Hot flashes – a sudden feverish heat that can hit your body in an instant – are one of the most common and, arguably, frustrating symptoms experienced by women approaching menopause. Though hot flashes can occur as a result of other medical conditions as well, for the most part they are associated to the natural drop in estrogen levels that occurs as women age.
At Longevity Centres of America, we offer estrogen pellet therapy treatments for women who wish to alleviate this often disruptive symptom. However, anti-aging medicine, like any other medical field, can always be further perfected, so our physicians constantly monitor the latest research in this arena.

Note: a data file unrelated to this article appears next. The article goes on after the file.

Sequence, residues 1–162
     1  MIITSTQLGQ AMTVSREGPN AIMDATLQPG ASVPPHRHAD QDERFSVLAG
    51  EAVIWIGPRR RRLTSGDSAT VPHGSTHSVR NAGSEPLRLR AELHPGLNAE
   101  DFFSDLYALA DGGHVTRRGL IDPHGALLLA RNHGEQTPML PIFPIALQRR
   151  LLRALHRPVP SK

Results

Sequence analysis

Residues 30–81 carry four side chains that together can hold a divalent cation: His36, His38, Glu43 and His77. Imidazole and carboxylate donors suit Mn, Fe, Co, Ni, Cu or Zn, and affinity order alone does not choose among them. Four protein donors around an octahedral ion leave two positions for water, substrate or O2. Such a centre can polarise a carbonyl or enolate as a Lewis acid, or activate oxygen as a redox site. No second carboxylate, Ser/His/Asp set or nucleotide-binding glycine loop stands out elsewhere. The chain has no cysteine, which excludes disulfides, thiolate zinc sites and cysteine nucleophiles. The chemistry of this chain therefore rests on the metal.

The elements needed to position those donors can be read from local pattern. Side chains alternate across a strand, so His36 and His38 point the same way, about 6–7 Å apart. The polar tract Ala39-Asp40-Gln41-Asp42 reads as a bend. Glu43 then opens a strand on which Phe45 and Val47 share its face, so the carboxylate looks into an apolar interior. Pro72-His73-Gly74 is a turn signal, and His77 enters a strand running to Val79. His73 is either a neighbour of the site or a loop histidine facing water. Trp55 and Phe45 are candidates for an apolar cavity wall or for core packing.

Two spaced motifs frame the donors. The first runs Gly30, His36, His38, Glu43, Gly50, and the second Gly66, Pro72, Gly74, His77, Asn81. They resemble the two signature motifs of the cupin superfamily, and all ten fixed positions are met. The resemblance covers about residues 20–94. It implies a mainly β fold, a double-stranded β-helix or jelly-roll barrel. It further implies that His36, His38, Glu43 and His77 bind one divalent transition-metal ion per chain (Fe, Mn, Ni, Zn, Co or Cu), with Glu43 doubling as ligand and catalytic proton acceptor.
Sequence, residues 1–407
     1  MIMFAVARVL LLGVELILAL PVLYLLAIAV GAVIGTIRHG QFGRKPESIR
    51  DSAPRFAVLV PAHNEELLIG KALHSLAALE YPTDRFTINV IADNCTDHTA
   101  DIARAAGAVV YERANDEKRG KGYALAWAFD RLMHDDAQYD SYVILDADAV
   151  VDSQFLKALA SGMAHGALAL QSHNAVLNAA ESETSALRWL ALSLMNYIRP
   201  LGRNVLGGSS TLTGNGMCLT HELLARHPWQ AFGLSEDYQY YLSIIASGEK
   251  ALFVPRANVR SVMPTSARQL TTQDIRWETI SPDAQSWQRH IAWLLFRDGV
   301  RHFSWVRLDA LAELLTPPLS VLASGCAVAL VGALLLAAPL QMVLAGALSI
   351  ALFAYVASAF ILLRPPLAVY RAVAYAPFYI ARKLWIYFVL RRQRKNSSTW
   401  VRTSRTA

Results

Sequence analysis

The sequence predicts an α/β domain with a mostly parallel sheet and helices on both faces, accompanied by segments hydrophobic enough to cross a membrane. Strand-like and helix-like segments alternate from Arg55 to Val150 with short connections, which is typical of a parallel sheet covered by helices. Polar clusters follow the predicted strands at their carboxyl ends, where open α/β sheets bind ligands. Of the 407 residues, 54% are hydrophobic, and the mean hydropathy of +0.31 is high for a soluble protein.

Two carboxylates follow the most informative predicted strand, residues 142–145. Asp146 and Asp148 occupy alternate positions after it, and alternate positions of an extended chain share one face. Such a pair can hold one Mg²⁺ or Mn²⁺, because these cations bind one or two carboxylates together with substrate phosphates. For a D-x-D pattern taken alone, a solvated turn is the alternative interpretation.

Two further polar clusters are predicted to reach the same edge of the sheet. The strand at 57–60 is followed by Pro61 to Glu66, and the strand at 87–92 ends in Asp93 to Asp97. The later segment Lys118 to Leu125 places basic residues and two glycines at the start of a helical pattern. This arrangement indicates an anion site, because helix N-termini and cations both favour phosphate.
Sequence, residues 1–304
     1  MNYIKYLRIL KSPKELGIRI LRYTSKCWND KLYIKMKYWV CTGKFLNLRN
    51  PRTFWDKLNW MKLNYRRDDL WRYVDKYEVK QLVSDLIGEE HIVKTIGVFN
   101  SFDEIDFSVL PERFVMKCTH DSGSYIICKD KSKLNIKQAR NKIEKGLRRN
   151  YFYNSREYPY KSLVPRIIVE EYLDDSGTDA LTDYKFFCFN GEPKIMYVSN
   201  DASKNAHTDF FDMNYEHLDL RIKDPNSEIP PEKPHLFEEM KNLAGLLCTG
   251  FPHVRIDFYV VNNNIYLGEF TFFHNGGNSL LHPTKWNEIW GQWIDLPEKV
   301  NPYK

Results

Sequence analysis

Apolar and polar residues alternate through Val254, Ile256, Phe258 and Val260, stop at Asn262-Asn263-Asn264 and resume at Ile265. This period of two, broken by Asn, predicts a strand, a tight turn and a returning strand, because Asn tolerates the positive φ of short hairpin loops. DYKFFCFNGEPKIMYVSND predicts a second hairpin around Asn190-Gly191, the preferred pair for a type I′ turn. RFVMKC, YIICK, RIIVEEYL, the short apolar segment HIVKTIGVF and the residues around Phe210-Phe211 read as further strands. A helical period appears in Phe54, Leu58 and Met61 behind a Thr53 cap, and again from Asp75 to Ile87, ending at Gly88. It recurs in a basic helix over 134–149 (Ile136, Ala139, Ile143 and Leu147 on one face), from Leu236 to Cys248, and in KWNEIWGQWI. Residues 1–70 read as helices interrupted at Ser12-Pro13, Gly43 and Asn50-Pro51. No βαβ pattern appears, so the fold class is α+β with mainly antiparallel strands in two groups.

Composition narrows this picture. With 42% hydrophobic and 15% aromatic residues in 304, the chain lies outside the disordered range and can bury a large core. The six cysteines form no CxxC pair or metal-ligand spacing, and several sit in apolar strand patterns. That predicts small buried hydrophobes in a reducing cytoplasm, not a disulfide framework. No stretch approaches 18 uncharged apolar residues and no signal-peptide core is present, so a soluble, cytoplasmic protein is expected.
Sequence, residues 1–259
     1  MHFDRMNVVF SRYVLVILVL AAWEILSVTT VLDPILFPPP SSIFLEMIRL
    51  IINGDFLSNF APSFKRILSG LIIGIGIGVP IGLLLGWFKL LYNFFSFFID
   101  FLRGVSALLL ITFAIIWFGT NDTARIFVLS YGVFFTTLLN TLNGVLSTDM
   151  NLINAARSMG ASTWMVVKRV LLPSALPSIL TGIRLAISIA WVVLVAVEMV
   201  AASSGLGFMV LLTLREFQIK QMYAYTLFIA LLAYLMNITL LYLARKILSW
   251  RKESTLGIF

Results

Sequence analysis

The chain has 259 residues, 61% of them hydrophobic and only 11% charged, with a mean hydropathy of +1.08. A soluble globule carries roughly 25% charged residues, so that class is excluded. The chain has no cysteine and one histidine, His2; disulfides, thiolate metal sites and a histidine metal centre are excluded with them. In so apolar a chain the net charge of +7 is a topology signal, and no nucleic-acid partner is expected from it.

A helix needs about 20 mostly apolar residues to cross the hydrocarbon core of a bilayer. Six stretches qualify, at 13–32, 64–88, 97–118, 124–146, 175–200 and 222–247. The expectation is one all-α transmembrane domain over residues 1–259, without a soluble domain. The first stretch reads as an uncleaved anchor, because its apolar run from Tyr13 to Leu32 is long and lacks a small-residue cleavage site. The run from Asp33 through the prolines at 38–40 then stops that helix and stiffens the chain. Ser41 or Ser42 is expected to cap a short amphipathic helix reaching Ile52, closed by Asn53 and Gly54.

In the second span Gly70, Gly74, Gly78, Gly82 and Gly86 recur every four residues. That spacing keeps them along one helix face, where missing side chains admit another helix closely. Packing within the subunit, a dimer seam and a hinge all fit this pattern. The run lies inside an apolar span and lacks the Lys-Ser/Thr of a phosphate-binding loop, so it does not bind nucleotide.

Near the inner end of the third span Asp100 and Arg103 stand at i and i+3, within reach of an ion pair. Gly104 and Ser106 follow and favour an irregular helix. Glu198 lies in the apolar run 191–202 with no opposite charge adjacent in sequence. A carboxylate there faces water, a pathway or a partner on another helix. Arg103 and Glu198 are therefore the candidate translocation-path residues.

And, according to a press release from the University of Arizona, clinical researchers from the institution have reportedly discovered a part of the brain that could play a role in hot flashes as well. They found that a collection of cells called KNDy neurons may actually act as the "control switch" for hot flashes – or hot flushes, as the researchers refer to them.
"Our research reveals that they play extremely important roles in how the body controls its energy resources, reproduction and temperature," said study lead author Melinda Mittelman-Smith.
Though further research is required before medical practitioners can put this new discovery to use in a clinical setting, it may eventually be able to enhance existing treatment options for menopausal symptoms. Thankfully though, there is already an effective option for women who want to regain control of their bodies after menopause.